Those defending Nitish Kumar's change of alliance partner are talking about corruption. Those opposing it worry about secularism. The underlying push was neither of them. In Bihar politics, caste rules the roost.
Nitish Kumar's image as a development-oriented politician masks his primary political achievement: that of mastering caste politics. It was with smart social engineering that Kumar was able to displace the 15-year-old regime of Lalu and Rabri Yadav.
Nitish Kumar has done with caste politics what has happened nowhere else: he divided Dalits into two, creating the category of Mahadalits. He divided the OBCs into two, with the Extremely Backward Classes being his main focus for votes. He even managed to divide Muslims on the lines of caste, initiating electoral Pasmanda politics.
Nitish Kumar has done with caste politics what has happened nowhere else: he divided Dalits into two, creating the category of Mahadalits.
Caste politics played heavily on Kumar's mind in dumping Yadav and going back to his old ally, the BJP.
Kumar had been public making noises in favour of the BJP for several months, but most expected him to actually break his alliance only in 2018 or 2019, on the eve of the next general elections. This would have been in time for the 2020 Bihar assembly elections, to pre-empt Tejashwi Yadav from demanding the chief minister's chair.
If the RJD's messy corruption cases are denting Kumar's image, he also stands to lose the Muslim vote and hurt his secular credentials by going with the BJP.
If Kumar and Lalu Yadav are old foes who make awkward allies, that is also the case with Kumar and Narendra Modi.
If the RJD having more MLAs than JDU was a cause of insecurity for Kumar, allying with the aggressive BJP of Modi-Shah is fraught with danger. After all, the state of the BJP's regional allies, from Shiv Sena in Maharashtra to the PDP in Jammu & Kashmir is visible to everyone, Kumar included.
What was the great political hurry, in that case, for Kumar to join hands with the BJP?
For some time, Kumar has been telling his allies about the real threat he faces with the Lalu alliance — foregoing his deft caste arithmetic that keeps him glued to the chief minister's chair despite having only 4% population of his own caste, and a weak party structure. The Lalu alliance was threatening the very foundation of Kumar's politics.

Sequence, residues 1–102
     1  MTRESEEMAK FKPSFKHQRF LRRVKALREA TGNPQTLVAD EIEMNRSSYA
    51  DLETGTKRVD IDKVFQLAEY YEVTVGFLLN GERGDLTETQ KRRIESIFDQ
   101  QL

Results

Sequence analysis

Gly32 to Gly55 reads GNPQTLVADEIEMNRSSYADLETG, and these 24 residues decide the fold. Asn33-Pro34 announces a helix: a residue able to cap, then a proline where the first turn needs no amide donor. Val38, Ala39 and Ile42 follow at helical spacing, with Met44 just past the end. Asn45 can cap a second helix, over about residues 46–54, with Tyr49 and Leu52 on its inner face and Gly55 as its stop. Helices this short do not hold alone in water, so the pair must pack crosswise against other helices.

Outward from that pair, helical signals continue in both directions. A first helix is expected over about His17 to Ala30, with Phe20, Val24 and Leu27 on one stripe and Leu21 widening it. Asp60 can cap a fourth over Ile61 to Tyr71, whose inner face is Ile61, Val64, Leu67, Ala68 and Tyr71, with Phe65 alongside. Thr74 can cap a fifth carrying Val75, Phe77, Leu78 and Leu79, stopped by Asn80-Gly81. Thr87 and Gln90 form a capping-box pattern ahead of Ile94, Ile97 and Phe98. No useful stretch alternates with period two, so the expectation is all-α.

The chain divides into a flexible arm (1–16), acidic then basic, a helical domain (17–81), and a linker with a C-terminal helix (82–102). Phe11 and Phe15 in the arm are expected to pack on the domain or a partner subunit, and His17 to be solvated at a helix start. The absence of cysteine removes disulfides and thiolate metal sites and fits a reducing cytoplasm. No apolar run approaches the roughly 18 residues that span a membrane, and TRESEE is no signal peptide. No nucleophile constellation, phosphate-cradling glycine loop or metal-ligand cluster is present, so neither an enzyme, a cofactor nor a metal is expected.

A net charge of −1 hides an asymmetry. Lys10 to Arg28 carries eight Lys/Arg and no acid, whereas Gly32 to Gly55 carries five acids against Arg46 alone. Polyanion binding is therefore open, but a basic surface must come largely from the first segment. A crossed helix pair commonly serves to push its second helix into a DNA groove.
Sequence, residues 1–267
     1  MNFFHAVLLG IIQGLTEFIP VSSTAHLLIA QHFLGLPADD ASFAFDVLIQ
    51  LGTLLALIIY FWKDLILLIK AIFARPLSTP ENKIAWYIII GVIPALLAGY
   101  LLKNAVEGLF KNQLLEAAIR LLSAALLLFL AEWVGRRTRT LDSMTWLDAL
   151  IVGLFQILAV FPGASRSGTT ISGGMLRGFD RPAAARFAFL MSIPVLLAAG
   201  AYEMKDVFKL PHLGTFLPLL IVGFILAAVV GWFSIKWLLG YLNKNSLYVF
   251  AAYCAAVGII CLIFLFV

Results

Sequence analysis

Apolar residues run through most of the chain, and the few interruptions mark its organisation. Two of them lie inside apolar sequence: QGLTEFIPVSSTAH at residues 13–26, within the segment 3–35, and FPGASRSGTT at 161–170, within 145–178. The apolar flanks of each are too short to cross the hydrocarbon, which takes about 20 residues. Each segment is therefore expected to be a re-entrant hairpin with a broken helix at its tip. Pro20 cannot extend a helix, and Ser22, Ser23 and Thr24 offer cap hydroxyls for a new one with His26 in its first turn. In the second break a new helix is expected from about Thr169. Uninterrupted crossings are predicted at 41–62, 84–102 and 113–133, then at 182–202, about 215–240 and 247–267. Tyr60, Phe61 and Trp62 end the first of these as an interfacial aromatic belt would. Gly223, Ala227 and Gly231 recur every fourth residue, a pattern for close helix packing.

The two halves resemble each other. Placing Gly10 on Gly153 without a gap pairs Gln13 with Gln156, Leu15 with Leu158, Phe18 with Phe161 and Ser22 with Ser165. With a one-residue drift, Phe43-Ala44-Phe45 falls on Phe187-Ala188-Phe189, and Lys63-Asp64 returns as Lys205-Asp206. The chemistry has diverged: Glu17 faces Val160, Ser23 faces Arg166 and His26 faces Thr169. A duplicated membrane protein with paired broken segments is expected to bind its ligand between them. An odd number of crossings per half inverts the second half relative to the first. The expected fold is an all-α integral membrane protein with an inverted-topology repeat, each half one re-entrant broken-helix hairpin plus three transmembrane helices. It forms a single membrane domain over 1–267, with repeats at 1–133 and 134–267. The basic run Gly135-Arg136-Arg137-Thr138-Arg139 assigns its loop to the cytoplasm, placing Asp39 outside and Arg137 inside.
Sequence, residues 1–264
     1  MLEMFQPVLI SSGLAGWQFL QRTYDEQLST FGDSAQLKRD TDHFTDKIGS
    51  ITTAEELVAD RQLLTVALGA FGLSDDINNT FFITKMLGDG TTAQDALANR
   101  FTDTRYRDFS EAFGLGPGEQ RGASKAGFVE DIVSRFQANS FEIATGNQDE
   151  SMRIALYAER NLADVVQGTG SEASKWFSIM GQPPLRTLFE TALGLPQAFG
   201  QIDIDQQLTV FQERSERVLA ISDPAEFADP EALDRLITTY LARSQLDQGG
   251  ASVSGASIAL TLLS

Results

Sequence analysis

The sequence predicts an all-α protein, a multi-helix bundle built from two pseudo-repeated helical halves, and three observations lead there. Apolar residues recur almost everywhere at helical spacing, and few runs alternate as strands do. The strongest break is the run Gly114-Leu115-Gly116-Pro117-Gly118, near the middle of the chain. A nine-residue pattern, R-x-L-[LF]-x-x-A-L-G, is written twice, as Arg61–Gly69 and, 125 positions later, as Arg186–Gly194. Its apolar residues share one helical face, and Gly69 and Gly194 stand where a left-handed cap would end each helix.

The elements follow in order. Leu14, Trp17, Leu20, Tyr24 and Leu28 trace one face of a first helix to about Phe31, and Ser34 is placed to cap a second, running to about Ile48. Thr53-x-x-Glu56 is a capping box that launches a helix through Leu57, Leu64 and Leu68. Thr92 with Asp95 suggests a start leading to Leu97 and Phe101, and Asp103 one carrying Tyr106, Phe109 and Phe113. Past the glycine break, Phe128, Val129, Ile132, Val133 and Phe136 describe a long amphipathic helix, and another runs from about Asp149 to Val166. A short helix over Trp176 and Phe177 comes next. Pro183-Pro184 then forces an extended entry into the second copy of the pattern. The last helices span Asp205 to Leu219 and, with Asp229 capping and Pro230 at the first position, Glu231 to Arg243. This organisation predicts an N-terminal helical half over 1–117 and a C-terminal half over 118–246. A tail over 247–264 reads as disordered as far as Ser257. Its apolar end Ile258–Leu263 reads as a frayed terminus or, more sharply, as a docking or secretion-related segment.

Since Yadavs are a dominant caste, in Bihar as in UP, they tend to alienate the lower OBCs as well as Dalits with petty crime, corruption and land grab. With their own party in power, Yadavs feel emboldened to assert themselves over lower castes even more.
In recent months, Kumar is learnt to have expressed reservations about this to his aides. Having an alliance with Yadav also means that he and his party get to have a say on the appointment of DMs and SPs where Yadavs are dominant, and the RJD wins more seats. This means that Yadavs close to the RJD are able to exert influence on the district administration and get away with their domination of lower castes, often in violation of the law.
Kumar, in one of his first decisions after changing his alliance partner, ordered the transfer of 28 IAS and 44 IPS officers.
The 2015 election results themselves had given a glimpse of this. The BJP and its allies may have lost the election to the Nitish-Lalu-Congress Mahagatbandhan but it still managed to increase its vote-share from 16.4% to 24.4%. This increase was partly a reflection of the post-Modi BJP's ability to woo the EBCs.
This is also why Kumar's JDU won 71 seats as opposed to Lalu Yadav's RJD which won 80. Both had contested 101 seats each.
Nobody was surprised to see that Kumar's coming together with Yadav drove some EBCs away, given the Yadav factor. Despite the Backwards versus Forwards narrative pushed by Yadav, it wasn't easy for many to forget the 'Jungle Raj' days.
Nobody was surprised to see that Kumar's coming together with Yadav drove some EBCs away, given the Yadav factor. Despite the Backwards versus Forwards narrative pushed by Lalu Yadav, it wasn't easy for many to forget the 'Jungle Raj' days.
But matters became worse after the Mahagatbandhan came to power. Kumar felt the alliance government was making him lose EBC votes by the day, even as they were attracted to Modi's pro-poor pitch after demonetisation.
The BJP does make a more natural ally for Kumar, who is now back to his famous coalition of extremes, in which Dalits and EBCs join hands with upper castes to isolate the Muslim-Yadav formula of the RJD.